On the issue of damages, plaintiffs testified, as did their husbands. They also produced examining medical providers, including physicians, a psychologist, a psychiatrist, and an economist, by live and de bene esse deposition testimony. Plaintiffs presented evidence of injuries resulting from the accident; Flis presented proof of an injury to her left big toe requiring surgery and Rolleri claimed a compression fracture of her thoracic spine. Both plaintiffs also presented evidence of psychological injuries, and Rolleri presented evidence of lost earnings. The jury awarded Flis $415,000 and Rolleri $615,000, and Raymond and Ronald $30,000 and $185,000 on their respective per quod claims; and apportioned negligence as 33% against Mainco and 67% against Bloomingdale's. The final judgment order was entered on March 28, 2008. Following denial of its motion for a new trial, Mainco appealed, challenging rulings affecting the liability verdict and challenging the amount of the damages verdict.
Plaintiffs, who were fifty-five years old at the time of the incident, testified that they were shopping at Bloomingdale's on October 8, 2001. Between 7:00 and 7:15 p.m., they entered the elevator on the lower level as the sole occupants and pressed the button for the fourth floor. The elevator stopped at the fourth floor but the doors did not open. Flis testified that "all of a sudden the floor just collapsed" beneath them as the elevator began descending and stopping in a jerky motion. She explained that the second time the elevator jerked, she fell backwards and hit her back and head, and also jammed her foot where the doors closed to keep from falling as the elevator continued to drop again and again. Rolleri testified that when the elevator first ascended and came to a halt with a "violent jolt," it caused her to fall to the floor, and the continuous erratic descending and stopping caused her to fall repeatedly, striking her back and head. Rolleri described the force of the impact as "being in a car accident and somebody hitting your car... with their car, again and again and again," and it felt as if the elevator were "running wild."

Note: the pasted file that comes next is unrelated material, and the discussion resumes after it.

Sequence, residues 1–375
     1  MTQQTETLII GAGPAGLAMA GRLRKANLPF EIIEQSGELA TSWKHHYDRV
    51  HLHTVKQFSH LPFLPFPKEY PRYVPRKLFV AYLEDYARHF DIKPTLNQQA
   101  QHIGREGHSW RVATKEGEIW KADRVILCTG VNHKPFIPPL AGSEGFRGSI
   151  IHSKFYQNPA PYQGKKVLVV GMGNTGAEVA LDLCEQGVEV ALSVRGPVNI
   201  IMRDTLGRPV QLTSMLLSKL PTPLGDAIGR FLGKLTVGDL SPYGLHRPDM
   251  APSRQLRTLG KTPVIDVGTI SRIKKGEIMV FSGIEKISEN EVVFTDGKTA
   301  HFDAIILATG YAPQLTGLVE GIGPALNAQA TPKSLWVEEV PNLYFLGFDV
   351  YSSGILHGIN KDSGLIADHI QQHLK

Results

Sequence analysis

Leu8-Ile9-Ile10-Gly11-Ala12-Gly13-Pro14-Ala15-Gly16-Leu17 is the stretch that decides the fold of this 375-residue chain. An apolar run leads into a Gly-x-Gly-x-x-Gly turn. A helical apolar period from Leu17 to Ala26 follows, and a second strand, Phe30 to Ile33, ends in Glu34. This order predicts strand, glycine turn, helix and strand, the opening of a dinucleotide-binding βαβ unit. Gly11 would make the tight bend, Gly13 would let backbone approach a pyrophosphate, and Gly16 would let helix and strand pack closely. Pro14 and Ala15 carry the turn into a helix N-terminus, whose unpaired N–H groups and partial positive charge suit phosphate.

During this time, the women pressed the alarm button, which they could hear ringing outside of the elevator, and used the emergency telephone contained in the elevator, but they received no response. Flis also tried using her cell phone but had no signal. In addition, Rolleri tried to pry the door open but it was too heavy. After about an hour in the elevator, Flis was able to speak on her cell phone with Bloomingdale's security staff who said they would send someone over. In the interim, the elevator continued to move up and down between the fourth floor and the basement. At 9:45 p.m., security staff was able to open the elevator doors and release plaintiffs after about two and a half hours of confinement. According to Rolleri, they felt dehydrated from screaming, were in shock, and were generally a ...